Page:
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Carrying a pregnancy is hard work, as any mother will tell you. Carrying a multiple pregnancy is several times harder so you have to prepare yourself ahead of time. A good panel of tests beforehand might save your babies’ lives or help detect genetic abnormalities or congenital malformations beforehand as well as allowing you to mentally prepare for raising a baby with a physical or mental birth defect. You should try to perform as many necessary tests as possible without them becoming stressful for you or your babies, especially as pregnancies with twins or multiples are amongst the cases where more detailed, often invasive test panels are recommended by the American College of Obstetricians and Gynecologists.
Generally speaking we can divide tests into two categories: non-invasive and invasive tests. The former are tests that do not require any significant preparation and do not affect you directly in any significant capacity. They are also less dangerous, in general, than invasive tests, which usually carry a very low miscarriage or complication risk. We can also divide the types of tests after who is getting tested, you or your baby or babies.
Let’s start by mentioning that there are some tests you should always take in the early stages of your pregnancy and preferably even before. Things like a blood panel to make sure that you are in childbearing condition or a blood test for sexually transmitted infections are things worth considering prior to a planned conception. Your doctor might suggest some more tests, like an ultrasound or a BMI measurement. The doctor knows best so you should follow instructions.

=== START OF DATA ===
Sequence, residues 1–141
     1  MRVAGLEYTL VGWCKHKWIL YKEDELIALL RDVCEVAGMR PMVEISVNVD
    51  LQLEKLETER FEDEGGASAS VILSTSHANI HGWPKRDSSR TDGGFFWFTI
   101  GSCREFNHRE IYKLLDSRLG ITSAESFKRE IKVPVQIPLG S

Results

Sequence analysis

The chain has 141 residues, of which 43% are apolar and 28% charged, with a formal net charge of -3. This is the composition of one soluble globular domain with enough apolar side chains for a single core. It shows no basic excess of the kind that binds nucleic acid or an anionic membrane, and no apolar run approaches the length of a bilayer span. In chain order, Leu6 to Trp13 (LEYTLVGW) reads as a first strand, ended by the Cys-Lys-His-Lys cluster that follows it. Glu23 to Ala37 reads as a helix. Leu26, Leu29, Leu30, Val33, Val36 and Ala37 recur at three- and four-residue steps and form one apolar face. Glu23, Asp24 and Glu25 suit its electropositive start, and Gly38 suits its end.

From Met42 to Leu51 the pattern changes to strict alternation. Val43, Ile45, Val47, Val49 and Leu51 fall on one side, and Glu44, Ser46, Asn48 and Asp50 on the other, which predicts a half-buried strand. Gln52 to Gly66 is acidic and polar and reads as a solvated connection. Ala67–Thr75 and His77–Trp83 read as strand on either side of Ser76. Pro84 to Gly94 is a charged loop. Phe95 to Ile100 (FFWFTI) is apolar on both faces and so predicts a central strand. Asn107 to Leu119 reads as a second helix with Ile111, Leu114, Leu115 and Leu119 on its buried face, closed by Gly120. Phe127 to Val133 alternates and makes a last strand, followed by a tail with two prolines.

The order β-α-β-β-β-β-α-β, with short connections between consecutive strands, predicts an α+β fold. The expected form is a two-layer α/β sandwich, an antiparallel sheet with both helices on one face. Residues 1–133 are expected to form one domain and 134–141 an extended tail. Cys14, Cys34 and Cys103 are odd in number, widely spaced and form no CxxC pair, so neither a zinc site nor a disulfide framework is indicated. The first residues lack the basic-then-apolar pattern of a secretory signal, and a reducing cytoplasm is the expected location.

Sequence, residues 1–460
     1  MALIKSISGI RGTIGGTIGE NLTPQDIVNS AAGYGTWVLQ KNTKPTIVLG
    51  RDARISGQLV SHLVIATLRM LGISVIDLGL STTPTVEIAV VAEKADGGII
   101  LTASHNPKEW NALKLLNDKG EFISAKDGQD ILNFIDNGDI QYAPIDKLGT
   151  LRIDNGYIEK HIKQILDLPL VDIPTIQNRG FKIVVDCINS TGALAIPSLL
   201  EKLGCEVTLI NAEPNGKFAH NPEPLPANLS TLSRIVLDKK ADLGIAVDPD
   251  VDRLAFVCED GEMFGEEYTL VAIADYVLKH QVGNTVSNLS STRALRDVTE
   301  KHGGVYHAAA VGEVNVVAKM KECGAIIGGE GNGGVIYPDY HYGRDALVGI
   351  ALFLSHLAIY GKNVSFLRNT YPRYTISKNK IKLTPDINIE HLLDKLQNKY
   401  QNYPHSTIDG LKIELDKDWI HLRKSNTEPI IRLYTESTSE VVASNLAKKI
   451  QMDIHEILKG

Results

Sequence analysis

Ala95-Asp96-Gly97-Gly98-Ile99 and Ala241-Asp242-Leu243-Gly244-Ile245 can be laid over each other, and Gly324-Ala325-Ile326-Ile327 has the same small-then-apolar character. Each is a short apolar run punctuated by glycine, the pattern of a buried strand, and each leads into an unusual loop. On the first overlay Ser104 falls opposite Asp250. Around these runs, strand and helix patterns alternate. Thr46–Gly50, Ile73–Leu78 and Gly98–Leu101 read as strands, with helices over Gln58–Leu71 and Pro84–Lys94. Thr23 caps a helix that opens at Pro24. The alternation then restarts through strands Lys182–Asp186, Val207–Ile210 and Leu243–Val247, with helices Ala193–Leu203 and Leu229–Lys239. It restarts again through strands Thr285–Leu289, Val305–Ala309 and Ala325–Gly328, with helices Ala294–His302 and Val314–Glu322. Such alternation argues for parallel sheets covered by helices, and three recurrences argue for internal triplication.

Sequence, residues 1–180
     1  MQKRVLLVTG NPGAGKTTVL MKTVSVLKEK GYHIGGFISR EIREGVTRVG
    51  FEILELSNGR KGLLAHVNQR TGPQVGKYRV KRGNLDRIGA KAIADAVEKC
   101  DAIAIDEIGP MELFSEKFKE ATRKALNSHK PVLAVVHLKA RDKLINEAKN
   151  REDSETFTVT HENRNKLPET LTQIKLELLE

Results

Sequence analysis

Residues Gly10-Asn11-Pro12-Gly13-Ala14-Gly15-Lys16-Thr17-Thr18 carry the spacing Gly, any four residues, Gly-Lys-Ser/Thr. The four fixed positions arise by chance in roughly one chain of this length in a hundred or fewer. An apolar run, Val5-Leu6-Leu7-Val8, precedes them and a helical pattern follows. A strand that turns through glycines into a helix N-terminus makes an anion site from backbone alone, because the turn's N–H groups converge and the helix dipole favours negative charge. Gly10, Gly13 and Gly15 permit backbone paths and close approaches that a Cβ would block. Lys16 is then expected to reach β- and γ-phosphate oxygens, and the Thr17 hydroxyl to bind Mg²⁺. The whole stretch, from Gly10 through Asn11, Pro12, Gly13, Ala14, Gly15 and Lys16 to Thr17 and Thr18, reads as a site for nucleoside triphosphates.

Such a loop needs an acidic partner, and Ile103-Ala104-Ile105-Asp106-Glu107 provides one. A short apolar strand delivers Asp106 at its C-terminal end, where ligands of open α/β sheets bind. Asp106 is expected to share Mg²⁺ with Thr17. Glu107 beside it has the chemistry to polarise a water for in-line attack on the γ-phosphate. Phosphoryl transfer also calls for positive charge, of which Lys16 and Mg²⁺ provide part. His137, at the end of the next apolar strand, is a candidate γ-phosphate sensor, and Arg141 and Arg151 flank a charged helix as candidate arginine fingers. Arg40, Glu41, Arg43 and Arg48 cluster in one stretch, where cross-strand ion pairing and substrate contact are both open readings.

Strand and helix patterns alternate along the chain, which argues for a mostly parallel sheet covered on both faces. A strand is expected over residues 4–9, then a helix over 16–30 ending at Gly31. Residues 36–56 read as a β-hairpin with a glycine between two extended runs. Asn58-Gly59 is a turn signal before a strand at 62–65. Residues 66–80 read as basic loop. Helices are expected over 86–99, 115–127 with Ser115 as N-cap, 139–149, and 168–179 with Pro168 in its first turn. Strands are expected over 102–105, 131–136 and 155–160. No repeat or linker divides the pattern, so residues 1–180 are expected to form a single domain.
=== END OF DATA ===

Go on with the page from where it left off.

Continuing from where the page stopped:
Once you’re in the first trimester, you might need to have some new tests, depending on your genetic history and the baby or babies’ at-risk chance. Generally in odds over 1: 270 invasive tests are not necessary (but can still be opted for) but in the case of multiple fetuses, testing is strongly recommended. First trimester non-invasive testing includes fetal DNA or cell sampling from the mother’s blood work and can sometimes detect aneuploidy (chromosomal genetic aberrations). Gynecologist and ultrasound appointments and their related tests can also help with diagnostic for at-risk pregnancies.
In some cases your doctor may suggest more invasive tests such as amniocentesis (the retrieval of amniotic fluid from the placenta with a needle through the abdomen or in at-risk, still undiagnosed mid and late term pregnancies, percutaneous fetal umbilical blood sampling (a similar procedure to amniocentesis involving retrieval of fetal blood straight from the umbilical cord). These types of procedures are often last resort ones, especially as they sometimes carry a miscarriage risk or other similar problems but they can help correctly diagnose gene disorders, multi-factor disorders and congenital malformations. In some rare cases, last trimester testing determined the severity of the malformation of babies so precisely that they could be operated on directly after cesarean birth.
While your main concern should be for the safety of your babies and making sure they develop normally and happily you should also take measures to keep yourself fit and happy during your pregnancy. Mood swings are common with expecting mothers but more serious afflictions, like pre-natal diabetes can occur in some pregnancies so always keep in touch with your doctor!.
The last thing that you probably want to do when pregnant is go in for tests. Yet you should always remember that a pregnancy is a stressful thing for both your mind and body, so remember to follow your doctor’s recommendations and try not to overdo it.